Diamond Creek to Pearce Ferry
Length: 35 miles; 1 to 3 days
Gradient: 7 ft/mile
Permits: Required from National Park Service, must also pay fees to Hualapai to put-in at Diamond Creek
1 Day Grand Canyon River Overview
A Grand Canyon white water rafting trip is the best high volume river experience in the west. Many people don’t realize there is a way to spend just a single day rafting the Colorado River in Grand Canyon National Park. The one day Grand Canyon rafting trip is a long day and best done by motor raft to cover the miles. Here is our page on longer Grand Canyon rafting expeditions.
The shuttle down Diamond Creek road is scenic, long and bumpy. This is the first opportunity to drive to the river in over 225 miles. Once on the water the rapids get going right away. The river is flowing through the lower Granite Gorge of the Grand Canyon which contains some of the bigger rapids on the river.
One Day Grand Canyon Map
Rating System for the Colorado River
This section of river is unique in that it doesn’t use the level I – V International Scale of River Difficulty that is used on most whitewater rivers world wide. Instead it uses a 1 through 10 system. A 10 is arguably like a class IV+ rapid. Cataract Canyon, just upstream from Lake Powell also uses this rating system.
When to raft the Grand Canyon
One of the most common questions is when is the best time to raft the Colorado River. The obvious answer is whenever you can get on a trip. That being said, it is about personal preference. Grand Canyon in the spring has wild flowers, milder temperatures and tends to be more windy particularly in May. While June and July are hot and dry until monsoon season starts and then the river is usually a muddy brown color. Some people prefer rafting the high water of July and August to see the biggest whitewater the Grand Canyon has to offer.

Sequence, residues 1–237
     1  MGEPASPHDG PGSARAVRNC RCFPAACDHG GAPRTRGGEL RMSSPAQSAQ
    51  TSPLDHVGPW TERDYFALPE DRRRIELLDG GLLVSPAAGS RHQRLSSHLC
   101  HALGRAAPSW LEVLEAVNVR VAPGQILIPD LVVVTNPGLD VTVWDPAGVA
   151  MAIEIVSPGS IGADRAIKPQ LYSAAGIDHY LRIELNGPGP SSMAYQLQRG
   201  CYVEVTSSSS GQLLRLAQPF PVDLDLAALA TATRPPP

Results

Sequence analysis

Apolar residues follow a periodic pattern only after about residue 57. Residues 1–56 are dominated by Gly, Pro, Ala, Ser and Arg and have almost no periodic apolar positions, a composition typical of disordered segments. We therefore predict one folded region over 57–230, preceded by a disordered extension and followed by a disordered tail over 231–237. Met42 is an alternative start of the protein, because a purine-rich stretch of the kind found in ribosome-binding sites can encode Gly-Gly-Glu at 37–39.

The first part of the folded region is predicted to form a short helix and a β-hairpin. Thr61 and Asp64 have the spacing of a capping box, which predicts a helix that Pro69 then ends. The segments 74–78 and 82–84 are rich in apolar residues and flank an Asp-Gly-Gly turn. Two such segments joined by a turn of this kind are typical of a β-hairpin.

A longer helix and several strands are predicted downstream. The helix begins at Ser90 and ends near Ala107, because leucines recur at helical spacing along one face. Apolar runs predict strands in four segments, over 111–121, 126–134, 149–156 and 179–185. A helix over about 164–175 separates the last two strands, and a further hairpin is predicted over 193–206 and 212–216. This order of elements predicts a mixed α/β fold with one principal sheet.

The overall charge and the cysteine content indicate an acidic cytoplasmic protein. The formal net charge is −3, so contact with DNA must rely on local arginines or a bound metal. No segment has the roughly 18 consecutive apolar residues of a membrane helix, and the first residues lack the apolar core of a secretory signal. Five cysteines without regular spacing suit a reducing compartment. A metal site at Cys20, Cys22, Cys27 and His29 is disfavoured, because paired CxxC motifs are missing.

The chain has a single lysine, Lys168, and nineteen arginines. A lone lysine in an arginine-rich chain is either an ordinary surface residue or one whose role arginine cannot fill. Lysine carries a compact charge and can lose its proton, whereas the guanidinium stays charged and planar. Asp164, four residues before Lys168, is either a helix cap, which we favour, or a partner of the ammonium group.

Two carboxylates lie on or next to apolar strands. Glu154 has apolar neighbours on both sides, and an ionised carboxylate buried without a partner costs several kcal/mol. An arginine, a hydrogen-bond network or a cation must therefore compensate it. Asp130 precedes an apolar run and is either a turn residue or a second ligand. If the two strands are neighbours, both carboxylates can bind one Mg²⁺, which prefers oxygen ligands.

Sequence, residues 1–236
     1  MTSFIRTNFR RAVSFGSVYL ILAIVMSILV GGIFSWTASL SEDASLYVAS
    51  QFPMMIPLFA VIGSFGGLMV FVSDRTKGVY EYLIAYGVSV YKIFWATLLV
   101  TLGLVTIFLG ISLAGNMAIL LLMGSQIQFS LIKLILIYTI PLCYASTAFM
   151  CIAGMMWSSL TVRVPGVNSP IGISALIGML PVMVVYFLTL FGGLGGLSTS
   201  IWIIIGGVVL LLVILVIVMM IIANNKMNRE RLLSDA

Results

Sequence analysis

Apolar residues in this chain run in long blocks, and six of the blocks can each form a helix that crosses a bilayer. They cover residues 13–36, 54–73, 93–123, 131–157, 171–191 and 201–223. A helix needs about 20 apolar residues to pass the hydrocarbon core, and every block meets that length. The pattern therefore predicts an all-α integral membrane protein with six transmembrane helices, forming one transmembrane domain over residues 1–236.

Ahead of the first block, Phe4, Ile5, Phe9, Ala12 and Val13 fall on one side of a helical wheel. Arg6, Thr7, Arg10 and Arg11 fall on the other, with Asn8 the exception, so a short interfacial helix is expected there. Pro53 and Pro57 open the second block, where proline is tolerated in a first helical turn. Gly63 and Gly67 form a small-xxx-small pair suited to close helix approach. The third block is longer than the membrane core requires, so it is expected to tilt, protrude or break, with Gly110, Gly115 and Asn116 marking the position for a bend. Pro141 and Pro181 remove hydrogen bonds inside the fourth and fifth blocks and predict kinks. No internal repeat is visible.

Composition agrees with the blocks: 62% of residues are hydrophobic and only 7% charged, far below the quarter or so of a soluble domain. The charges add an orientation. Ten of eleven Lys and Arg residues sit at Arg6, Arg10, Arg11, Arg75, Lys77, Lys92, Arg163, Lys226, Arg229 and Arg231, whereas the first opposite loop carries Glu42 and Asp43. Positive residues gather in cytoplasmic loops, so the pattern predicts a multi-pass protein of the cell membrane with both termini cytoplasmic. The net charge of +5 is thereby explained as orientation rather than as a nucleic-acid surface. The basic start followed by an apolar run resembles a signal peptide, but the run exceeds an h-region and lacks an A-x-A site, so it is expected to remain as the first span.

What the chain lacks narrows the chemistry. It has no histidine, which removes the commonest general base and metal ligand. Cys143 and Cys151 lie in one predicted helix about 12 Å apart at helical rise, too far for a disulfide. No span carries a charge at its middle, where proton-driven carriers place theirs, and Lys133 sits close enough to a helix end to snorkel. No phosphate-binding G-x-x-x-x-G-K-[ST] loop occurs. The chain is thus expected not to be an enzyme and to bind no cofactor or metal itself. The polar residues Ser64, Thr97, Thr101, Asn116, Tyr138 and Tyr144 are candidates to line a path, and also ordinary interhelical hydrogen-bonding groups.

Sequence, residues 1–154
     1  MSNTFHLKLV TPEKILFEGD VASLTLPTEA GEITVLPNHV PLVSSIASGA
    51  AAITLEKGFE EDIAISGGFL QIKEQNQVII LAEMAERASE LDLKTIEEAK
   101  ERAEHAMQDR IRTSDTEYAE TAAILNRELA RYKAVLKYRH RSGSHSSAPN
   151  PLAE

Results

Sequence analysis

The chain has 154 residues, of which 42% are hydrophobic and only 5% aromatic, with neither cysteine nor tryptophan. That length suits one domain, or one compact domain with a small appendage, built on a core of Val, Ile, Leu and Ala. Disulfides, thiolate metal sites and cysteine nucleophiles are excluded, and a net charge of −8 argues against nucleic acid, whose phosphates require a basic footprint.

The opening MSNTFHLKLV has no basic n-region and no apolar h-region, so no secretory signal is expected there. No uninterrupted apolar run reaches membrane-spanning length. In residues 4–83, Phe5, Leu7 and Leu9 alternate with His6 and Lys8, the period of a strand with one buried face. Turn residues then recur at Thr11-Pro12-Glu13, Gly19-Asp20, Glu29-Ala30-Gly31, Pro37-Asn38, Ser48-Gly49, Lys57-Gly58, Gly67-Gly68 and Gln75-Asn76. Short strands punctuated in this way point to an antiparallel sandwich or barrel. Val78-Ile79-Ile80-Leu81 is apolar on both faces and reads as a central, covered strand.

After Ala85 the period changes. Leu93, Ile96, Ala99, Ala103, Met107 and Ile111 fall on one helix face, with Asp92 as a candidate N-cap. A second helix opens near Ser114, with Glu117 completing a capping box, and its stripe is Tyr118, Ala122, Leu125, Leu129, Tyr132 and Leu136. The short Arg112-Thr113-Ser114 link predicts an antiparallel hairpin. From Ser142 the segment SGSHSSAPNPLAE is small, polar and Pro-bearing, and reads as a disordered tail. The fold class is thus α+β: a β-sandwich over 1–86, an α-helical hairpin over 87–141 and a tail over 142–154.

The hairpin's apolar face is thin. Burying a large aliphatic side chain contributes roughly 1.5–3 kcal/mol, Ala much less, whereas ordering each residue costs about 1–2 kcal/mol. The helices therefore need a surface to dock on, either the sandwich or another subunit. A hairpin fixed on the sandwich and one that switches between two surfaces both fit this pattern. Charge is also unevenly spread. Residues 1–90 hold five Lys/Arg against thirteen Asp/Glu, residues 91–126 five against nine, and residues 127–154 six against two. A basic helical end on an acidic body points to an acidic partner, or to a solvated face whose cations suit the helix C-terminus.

One Day Grand Canyon Rafting Reviews
Perfect day of rafting the Grand Canyon. We always wanted to raft the Grand Canyon but thought you had to spend 2 weeks on a trip. The one-day trip had time to hike and the helicopter flight out was memorable.
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Monsoon season in Grand Canyon starts in late July and continues through August. Monsoons bring afternoon thunderstorms that cool down temperatures and can lead to amazing sights of hundreds of waterfalls of different colors cascading into the river. Unfortunately, this also causes Diamond Creek to flash and routinely washes out the road. Many times the road crew is able to get the creek cleared so that day’s trip while a little beind schedule is still able to make it to the river.
The fall is the mildest time to be in the canyon. The weather is a bit cooler, a little dryer and the days are shorter.
Commercial 1-day Rafting Tours
Commercial trips meet at 7 am in Peach Springs, Arizona and the Hualapai Lodge. From here it is over an hour scenic drive to the put-in at Diamond Creek. There are port-a-poties for the last modern facilities before launching. Guides will give a pre-trip orientation and then head downstream.